It’s so easy to “feed the bad wolf” during this pandemic. There is so much fear and anxiety and resentment in the world right now. This course will help you honor and acknowledge the emotions you’re experiencing as part of the human condition. But it will also help you feed your good wolf, by teaching you simple tools that allow you to access more peace, joy, love, hope, empathy, and compassion even in the midst of chaos.
I have been guiding clients in these tools for nearly a decade, and I’d be honored if you’d allow me to guide you through this time.
I believe I was put here on earth to hold space for the part of you that yearns to unite your desire to belong with your ache to be authentically you, and to help you define, own, express and be appreciated for the gifts you bring to the world.
The world needs your strength and your gifts NOW more than ever.
Yet it’s hard to hold it together when you’re anxious and scared of what’s coming next in this unpredictable world we’ve all been tossed into.
I opened Charles Eisenstein’s book, The More Beautiful World Our Hearts Know is Possible, this morning to find the best quote for my live meditation. I opened to the chapter on naivete. He quotes Goethe in the opening: “I love those who yearn for the impossible.”
Maybe I AM naive, but I believe that we can create from this pandemic a better world. Unlike 9/11, which pitted country against country and forced “sides”, this pandemic is sweeping the entire world. We are ALL affected, which means we are all in it together.
It feels like an opportunity like the one during WWI when everyone stopped fighting for 24 hours on Christmas night to listen to the song Silent Night.
So what can we do as a collective? Not just you, although I am talking to you, but what can we all do together to create the change we wish to see in the world rather than just going back to business as usual when it’s over?
I’m sure you are pondering this along with me when the immediate stress of our wellness, and our loved ones’ wellness, and our economic future, (and whether or not we’ll have enough toilet paper to survive this apocalypse) fades into the background. 💖
So this is just a note to say thank you. Thank you for your support of me and my work. Thank you for supporting your families. Thank you for supporting good in the world. Thank you for “pondering this in your heart” as we all keep tiptoeing our way into the unknown.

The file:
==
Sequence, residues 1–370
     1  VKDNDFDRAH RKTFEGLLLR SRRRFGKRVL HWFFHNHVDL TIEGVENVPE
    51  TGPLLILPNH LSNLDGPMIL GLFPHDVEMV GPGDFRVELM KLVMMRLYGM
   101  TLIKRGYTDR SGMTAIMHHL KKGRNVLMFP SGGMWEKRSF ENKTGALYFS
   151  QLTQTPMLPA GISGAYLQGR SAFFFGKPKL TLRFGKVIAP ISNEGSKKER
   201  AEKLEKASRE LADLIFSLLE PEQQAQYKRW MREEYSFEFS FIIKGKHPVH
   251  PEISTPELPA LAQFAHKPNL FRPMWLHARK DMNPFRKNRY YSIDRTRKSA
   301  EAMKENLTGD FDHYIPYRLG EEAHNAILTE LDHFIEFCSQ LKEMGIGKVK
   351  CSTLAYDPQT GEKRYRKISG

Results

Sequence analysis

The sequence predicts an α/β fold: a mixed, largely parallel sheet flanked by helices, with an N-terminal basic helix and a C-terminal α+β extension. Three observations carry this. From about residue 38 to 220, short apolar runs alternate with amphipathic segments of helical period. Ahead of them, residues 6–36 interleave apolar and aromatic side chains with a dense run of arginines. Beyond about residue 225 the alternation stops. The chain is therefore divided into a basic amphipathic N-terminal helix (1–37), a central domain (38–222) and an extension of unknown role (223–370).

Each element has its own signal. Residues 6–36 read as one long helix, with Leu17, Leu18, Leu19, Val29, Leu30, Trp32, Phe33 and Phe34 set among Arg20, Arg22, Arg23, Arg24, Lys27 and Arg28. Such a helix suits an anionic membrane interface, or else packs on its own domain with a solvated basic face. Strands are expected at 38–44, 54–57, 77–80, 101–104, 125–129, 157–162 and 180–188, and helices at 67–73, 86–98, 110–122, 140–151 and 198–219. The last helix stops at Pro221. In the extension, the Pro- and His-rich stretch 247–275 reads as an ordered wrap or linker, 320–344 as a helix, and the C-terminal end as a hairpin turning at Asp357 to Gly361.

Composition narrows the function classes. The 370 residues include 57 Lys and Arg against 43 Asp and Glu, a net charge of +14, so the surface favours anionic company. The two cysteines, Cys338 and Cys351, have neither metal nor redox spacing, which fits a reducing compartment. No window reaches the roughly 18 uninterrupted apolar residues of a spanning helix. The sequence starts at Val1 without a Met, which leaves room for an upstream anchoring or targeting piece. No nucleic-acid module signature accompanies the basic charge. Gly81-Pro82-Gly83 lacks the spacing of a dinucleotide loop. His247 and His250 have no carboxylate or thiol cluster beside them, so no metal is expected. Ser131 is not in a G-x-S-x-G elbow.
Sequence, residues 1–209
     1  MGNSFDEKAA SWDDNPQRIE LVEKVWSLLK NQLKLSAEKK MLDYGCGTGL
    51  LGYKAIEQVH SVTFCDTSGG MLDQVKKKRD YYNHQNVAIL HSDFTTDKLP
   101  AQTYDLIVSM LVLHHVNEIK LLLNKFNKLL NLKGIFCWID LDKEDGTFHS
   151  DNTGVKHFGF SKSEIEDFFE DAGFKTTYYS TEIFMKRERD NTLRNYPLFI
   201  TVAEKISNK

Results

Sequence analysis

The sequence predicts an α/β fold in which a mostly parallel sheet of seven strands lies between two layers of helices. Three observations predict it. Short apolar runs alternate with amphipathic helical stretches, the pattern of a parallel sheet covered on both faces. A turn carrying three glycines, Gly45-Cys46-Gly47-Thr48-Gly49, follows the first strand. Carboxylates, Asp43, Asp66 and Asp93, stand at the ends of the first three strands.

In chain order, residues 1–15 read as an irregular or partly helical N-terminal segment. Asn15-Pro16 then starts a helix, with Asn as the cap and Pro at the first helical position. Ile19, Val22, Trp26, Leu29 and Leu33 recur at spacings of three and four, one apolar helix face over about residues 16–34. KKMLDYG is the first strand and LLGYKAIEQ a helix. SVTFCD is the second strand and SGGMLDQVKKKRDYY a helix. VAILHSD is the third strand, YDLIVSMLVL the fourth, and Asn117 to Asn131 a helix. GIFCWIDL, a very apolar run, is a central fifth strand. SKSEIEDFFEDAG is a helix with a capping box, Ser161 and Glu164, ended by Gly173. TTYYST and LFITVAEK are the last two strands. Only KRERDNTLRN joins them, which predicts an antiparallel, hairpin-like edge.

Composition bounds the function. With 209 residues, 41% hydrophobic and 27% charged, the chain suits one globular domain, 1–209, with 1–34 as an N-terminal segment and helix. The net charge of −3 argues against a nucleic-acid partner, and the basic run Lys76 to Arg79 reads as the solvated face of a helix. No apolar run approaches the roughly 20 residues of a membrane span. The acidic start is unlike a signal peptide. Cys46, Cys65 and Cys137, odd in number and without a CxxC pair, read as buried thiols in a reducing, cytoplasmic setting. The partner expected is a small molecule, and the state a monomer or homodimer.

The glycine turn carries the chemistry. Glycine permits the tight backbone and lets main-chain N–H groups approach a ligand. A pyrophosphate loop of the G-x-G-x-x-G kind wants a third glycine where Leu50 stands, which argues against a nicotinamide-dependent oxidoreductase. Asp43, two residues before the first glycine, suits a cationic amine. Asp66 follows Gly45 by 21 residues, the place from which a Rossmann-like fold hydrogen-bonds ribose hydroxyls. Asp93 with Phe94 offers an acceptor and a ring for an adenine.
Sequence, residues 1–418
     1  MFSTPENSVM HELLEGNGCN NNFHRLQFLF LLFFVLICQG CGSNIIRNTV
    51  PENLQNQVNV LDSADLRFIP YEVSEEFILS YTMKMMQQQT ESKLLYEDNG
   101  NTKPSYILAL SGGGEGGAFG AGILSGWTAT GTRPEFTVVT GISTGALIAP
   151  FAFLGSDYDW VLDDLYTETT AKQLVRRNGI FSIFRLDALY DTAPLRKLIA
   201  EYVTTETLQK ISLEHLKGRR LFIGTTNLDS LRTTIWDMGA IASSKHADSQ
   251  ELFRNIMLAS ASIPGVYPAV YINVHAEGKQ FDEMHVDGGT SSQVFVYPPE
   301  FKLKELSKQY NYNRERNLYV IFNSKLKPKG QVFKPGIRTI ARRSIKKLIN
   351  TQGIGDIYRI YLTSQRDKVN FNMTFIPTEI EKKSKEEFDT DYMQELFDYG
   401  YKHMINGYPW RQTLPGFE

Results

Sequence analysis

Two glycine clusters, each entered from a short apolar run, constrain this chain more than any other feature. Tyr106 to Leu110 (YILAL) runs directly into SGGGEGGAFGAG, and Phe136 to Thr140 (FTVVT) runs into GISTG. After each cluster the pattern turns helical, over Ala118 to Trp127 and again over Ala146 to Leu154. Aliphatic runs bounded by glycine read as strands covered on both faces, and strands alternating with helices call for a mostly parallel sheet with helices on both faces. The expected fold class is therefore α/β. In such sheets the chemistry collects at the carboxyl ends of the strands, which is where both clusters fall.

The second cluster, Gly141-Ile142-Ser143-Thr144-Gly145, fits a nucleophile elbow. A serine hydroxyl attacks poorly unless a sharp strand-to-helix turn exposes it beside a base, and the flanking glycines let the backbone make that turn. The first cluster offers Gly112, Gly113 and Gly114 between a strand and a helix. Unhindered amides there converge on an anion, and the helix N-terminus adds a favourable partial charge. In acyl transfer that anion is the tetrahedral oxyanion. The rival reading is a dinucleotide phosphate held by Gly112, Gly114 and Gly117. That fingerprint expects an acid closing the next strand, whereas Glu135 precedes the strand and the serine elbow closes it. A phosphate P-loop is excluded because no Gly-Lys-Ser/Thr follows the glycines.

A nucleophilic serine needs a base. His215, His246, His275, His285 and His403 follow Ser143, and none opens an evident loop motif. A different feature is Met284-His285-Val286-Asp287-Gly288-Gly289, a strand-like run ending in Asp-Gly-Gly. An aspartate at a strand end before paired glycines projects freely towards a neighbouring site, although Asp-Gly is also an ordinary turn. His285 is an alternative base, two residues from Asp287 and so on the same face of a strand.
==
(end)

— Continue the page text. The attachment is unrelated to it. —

All this social distancing has affected each of us in different ways. For me, it’s a little like the time I was learning the HeartMath Stop Emotional Eating program to teach to clients … I’d been in control of my own emotional eating for years. But as soon as I was told I couldn’t do it, I started craving Ben & Jerry’s Ice cream, (NY Super Fudge Chunk or Coffee Heath Bar Crunch are my favorites, but sometimes Chubby Hubby when I’m feeling super indulgent. Or mmmm, they used to have Creme Brulee. Yum!)
But I digress …
My point is that my ordinary life is rather socially distant … I work from home, see my family, and have friends I occasionally talk to on the phone or via text or even more rarely see in person. (I know … it’s my introverted side. It’s an area I’m working to change.) But now that we’re all supposed to social distance, I find myself wanting to talk to other people every day! (So I’ve been reaching out to friends all over the place.) I know that’s a normal response to crisis … to want to reach out and connect and make sure everyone else is okay.
But I also found myself standing in front of the refrigerator much more frequently than usual. And THAT I know is not the same as reaching out to friends. So I used my tools.
I’ve heard from other contacts that urges like impulse shopping (on-line,) or emotionally eating, or binge whatevering are suddenly omnipresent.
There’s nothing wrong with that of course. Unless you really can’t control yourself when you want to.
If none of this is a struggle for you, good for you! Please consider forwarding this blog to friends who might be struggling.
PS) I got a chance to get to the lake yesterday. My partner and I care for a home near my mom’s. Mom and I were shouting to one another across the water from separate docks until I remembered we could use our phones. So I called her and we chatted across several hundred feet of water. I love technology. Imagine what boat we’d all be in now without it!
But I’m also watching this whole thing unfold with a growing level of concern. This is definitely one of those situations where we have to surrender what we can’t control, and take action on the things we can.
Every morning I wake up with a fire hose of ideas both around how I can be of service, and (truthfully,) how I can also earn a living in the midst of it all.
Both my partner and I are self-employed, so it’s not like we’ll be collecting unemployment or picking up a government check when this is over. My sister and her husband are local farmers, so they are also affected. Another brother owns a chiropractic business, which is pretty hands on. No patients = no money. My mom’s primary income is a rental cabin.
I’m sure at least some of you are also in this boat, and even if you will continue to get a paycheck, you probably have other concerns … about staying healthy, figuring out how you’ll handle your kids all day when they’re home, parents or grandparents or other loved ones who are in the “danger zone” … the list goes on.
As I said, I wake up every morning with a fire hose of ideas … but only so much time in my day to execute on them.